New Beginnings for a Piccadilly Liverpool


Blog by Steve Laug

The next pipe on the work table came to me from the large estate purchase of Bertrams and assorted other pipes that included several Piccadilly pipes. It has been around for a while waiting to be worked on. Jeff did the original photographs of the pipe in March 2019. It is a beautifully grained large Liverpool that is really quite nice. The pipe has cross grain on the sides and shank and birdseye grain on the front and back of the bowl. The stamping is the readable. It is stamped on the left side of the shank and reads the PICCADILLY. On the right side it reads Made in London England. The smooth finish had a lot of grime ground into the bowl and some darkening around the sides of the bowl. The bowl was heavily caked and had a light overflow of lava on the top of the rim. Overall it appeared that the rim top and inner edge of the bowl looked to be in good shape under the grime. The vulcanite taper stem was lightly oxidized and had light tooth chatter on the top and underside. The pipe had promise but it was very dirty. Jeff took photos of the pipe before he started his cleanup work. He took photos of the rim top and bowl to give a clear picture of the thickness of the cake and the overflow of lava on the rim top. He also took photos of the top and underside of the stem to show the oxidation and light chatter on the surface.   Jeff took photos of the sides and heel of the bowl to give a picture of what the briar around the pipe looked like. There is some interesting grain under the grime.       He took photos of the stamping on the underside of the shank. They read as noted above.    To learn about the brand I turned to Pipephil’s website (http://www.pipephil.eu/logos/en/logo-p3.html). I did a screen capture of the information on the site and it appears that the pipe was made either in the US by Weber or in England by Baron & Co. This is going to take some more work.I turned to Pipedia and there were no listings on the brand name. I also checked under Baron and Company and found nothing listed there either. This is a bit of a mystery brand. Some of the pipes that we picked up bore the Piccadilly stamp as well as the Peretti stamp from the historic Boston Tobacconist. I wonder if there is a link between the Pipe Shop and the brand. Furthermore the Circle P stamp on the stem is the same stamp on Peretti pipes! To me this adds to the connection.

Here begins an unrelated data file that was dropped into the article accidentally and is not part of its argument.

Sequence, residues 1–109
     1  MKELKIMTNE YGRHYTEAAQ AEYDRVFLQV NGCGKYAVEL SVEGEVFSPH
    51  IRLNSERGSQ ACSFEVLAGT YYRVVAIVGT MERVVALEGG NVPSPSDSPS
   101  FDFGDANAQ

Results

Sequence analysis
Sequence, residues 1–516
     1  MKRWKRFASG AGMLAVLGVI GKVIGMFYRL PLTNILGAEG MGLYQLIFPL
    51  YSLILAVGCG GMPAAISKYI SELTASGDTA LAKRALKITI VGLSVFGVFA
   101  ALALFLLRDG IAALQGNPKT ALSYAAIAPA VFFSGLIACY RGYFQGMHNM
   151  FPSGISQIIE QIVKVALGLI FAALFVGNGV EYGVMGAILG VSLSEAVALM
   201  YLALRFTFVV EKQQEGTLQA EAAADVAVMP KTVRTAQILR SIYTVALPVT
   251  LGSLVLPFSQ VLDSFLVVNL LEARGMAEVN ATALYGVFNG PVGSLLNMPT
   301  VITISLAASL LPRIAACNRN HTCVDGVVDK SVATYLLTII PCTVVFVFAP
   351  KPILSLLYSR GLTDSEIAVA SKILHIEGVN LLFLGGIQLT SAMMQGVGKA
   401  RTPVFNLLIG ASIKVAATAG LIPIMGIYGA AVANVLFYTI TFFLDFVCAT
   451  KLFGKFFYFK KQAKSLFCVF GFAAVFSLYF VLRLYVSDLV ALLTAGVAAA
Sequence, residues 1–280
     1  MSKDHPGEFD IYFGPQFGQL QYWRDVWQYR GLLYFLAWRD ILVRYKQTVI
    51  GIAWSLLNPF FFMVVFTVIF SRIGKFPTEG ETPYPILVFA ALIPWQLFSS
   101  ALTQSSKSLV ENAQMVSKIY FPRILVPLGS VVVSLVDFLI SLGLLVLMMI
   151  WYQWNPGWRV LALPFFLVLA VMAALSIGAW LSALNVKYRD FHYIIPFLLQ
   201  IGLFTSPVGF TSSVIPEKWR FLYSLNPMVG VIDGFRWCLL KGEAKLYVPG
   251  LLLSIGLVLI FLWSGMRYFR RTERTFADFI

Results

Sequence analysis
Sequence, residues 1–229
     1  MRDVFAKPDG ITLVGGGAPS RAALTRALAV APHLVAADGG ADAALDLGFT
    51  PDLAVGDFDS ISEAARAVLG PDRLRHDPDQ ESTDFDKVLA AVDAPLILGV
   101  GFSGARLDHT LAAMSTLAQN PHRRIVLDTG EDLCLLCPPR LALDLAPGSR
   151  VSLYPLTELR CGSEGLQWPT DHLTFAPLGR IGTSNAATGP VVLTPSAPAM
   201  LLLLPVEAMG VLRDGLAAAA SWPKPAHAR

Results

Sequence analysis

Since Jeff follows the same pattern of work in his cleanup we do not include photos but rather just a simple summary. Jeff reamed the bowl with a PipNet pipe reamer and followed up with a Savinelli Fitsall pipe knife to remove the cake. He scrubbed out the mortise and the airway in the shank and the stem with alcohol, cotton swabs and pipe cleaners. He scrubbed the exterior of the bowl, rim, shank and stem with a tooth brush and Murphy’s Oil Soap to remove the oils and tars on the rim and the grime on the finish of the bowl. He rinsed it under running water. He dried it off with a soft cloth. He was able to remove the lava build up on the rim top and you could see the damages to the top and edges of the rim. I think this pipe may well been before we worked with Mark Hoover’s Before & After Deoxidizer so he cleaned the internals and externals. The stem was clean but lightly oxidized. I took photos of what the pipe looked like when I brought to my worktable.   The rim top and shank end cleaned up really well. The lava coat was removed and some darkening left behind on the back side of the rim top. The edges were in good condition. The stem surface looked very good with some light tooth chatter and marks on both sides ahead of the button.        I took photos of the stamping on both sides of the shank. The stamping was clear and readable. The left side of the taper stem had a Circle P  logo with gold stamping.I removed the stem and took a photo of the pipe to give a sense of the well shaped Liverpool. I polished the bowl and the rim top, sides and shank with micromesh sanding pads – wet sanding with 1500-12000 grit pads and wiping it down after each pad with a damp cloth. I carefully avoided the stamping on the sides of the shank so as not to damage the stamping.       I rubbed the bowl and shank down with Before & After Restoration Balm. I worked it into the surface of the bowl sides, plateau top and shank end with my fingertips and a horse hair shoe brush to clean, enliven and protect the briar. I let the balm sit for a little while and then buffed with a cotton cloth to raise the shine.    I set the bowl aside and turned my attention to the stem. It was in very good condition so I did not have to do any repairs or preliminary sanding. I began by working with micromesh sanding pads – 1500-12000 grit pads. I wiped the stem down with Obsidian Oil after each sanding pad. I used Before & After Pipe Polish – both Fine and Extra Fine to further polish the stem. I used Rub’n Buff Antique Gold to touch up the gold circle P on the left side o f the stem. I rubbed it on and rubbed off the excess to leave behind a clear stamp.This well made, classic Piccadilly Liverpool with a taper vulcanite stem is a great looking pipe now that it has been restored. The rich brown finish that was used came alive with the polishing and waxing. I put the stem back on the bowl and carefully buffed the pipe with Blue Diamond on the buffing wheel using a light touch on the briar. I gave the bowl and the stem multiple coats of carnauba wax on the buffing wheel and followed that by buffing the entire pipe with a clean buffing pad. I hand buffed the pipe with a microfiber cloth to deepen the shine. The finished Liverpool is a beauty with combination of great grain and rich stain. It fits nicely in the hand and looks very good. Give the finished pipe a look in the photos below. The dimensions of the pipe are Length: 6 ¼ inches, Height: 2 inches, Outside diameter of the bowl: 1 ½ inches, Chamber diameter: ¾ of an inch. If you are interested in adding this pipe to your collection send me a message or an email. Thanks for reading this blog and my reflections on the pipe while I worked on it. There are many more to come!